Men Out of Time: Federer-Djokovic LXVI in Cincinnati

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Time has been on my mind lately. Specificially, time as it relates to tennis. It seems like we are forever improving the sport, so that we can spend less time watching it. Whether it’s the serve clock or tinkering with formats, there’s a collective anxiety that perhaps there is too much time not being put to good enough use.

On the other hand, the aging of the ATP field can’t help but bring home how finite our time is. The resurgence of Federer and Nadal has the feeling of borrowed time. It’s as if, like the patients in the movie Awakenings, Roger and Rafa have only temporary awakened to reclaim their glory and could disappear into the margins at any minute. And yet, even Novak Djokovic, the man who pushed them to the side in the first place, seems like he’s playing extra innings. After about two years on an injury and anxiety filled odyssey, Djokovic has reemerged as a top contender, if not yet the top dog, again.

It’s hard not to dwell on the fact that it was a decade ago that Djokovic won his first Slam, in Australia, dethroning Federer en route, and ushering in what was supposed to be Federer’s decline and Nadal’s dominance. Yet, the injury gods and Federer’s theretofore unrecognized grit flipped the script. Nadal spent some portion of at least six of the next eight seasons absent or affected by injuries (but, in GOAT-like fashion, collected another five French Opens in that time). Federer managed to won another four Slams in the next four years, and, surprising many observers, continued to compete for the next five, reaching another few finals, which he lost to Djokovic. And Djokovic, after a couple of years of adjustment, found the formula to dominance, with a revamped game and a much discussed gluten-free diet.

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Then, in a scene out of Greek mythology, just as we were discussing when Djokovic would reach the all time Slam record, Djokovic’s Icarus-like flight to the top suddenly crashed after he achieved his signature feat of winning four Slams in a row at the 2016 French Open. So began the wilderness years, filled with changing advisors, speculation about Djokovic’s physical and mental state, and a string of surprising losses. After regrouping with his original team and having elbow surgery, however, Djokovic has come full circle — defeating Nadal in an epic semifinal at Wimbledon and capping off the comeback with his Wimbledon title win over Kevin Anderson.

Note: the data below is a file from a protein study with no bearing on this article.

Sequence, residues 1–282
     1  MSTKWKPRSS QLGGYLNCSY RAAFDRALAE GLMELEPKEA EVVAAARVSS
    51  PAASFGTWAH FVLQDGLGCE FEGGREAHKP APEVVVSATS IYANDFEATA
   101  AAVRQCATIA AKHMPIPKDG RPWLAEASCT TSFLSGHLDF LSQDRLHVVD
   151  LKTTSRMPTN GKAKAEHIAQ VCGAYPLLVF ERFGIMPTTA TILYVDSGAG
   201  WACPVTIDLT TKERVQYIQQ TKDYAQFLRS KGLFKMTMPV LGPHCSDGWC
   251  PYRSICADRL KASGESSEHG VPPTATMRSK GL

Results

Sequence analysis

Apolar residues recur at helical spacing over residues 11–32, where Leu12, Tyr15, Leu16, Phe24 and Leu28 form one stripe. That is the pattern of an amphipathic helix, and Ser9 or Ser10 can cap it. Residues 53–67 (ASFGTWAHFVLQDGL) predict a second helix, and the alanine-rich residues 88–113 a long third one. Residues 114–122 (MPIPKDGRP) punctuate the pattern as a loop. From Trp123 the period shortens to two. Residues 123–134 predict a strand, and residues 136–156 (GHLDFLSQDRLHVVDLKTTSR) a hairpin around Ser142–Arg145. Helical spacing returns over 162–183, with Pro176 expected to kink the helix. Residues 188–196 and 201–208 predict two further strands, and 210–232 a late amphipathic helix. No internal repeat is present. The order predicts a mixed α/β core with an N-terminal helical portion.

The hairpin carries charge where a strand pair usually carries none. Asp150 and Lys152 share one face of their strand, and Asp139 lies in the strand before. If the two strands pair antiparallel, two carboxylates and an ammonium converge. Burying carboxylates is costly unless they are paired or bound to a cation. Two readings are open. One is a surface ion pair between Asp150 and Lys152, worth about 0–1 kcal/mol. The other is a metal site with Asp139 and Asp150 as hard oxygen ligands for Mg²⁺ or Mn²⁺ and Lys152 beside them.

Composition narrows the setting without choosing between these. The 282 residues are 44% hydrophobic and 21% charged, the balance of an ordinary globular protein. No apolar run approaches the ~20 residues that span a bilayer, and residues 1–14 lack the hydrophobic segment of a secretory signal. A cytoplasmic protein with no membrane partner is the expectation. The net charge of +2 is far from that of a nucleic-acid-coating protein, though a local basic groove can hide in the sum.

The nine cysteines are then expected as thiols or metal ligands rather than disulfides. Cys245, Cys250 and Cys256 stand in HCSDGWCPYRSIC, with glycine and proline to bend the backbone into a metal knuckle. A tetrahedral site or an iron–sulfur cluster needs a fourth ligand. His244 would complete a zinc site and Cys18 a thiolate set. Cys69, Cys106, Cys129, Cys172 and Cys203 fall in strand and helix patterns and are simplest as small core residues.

And today in Cincinnati Djokovic added the final piece to his collection — the one trophy he was missing, the Rookwood trophy from Cincinnati. It’s a fitting signature achievement — showing endurance, versatility, and his long fight to supplant the clay and hard court dominance of Nadal and Federer, respectively. Djokovic seemed to turn back time, to May 2016, where he could do no wrong on a tennis court. He looked almost as steady today, breaking Federer’s serve for the first time in Cincinnati early in the first set and never looking back. He also did what he does best to Federer — take away time and space. Already looking a step slower than his absolute best all week, Federer turned in one of his less memorable performances — long on errors and short on magic. Surely there are many reasons for this, but the main one was the man across the net today.

And so we leave Cincinnati wondering — is it Djokvoic’s time again? Is Federer’s time over again? At this point, it hardly makes sense to count time with these guys anymore. The more we think of time, the more we think their chances to win are finite, when all they’ve shown us it that they, collectively and individually, have managed to dilate time, extending their grasp on the top of the game for far longer than anyone could have ever expected 10 or 15 years ago. After all, someday, at last, it will be someone else’s time.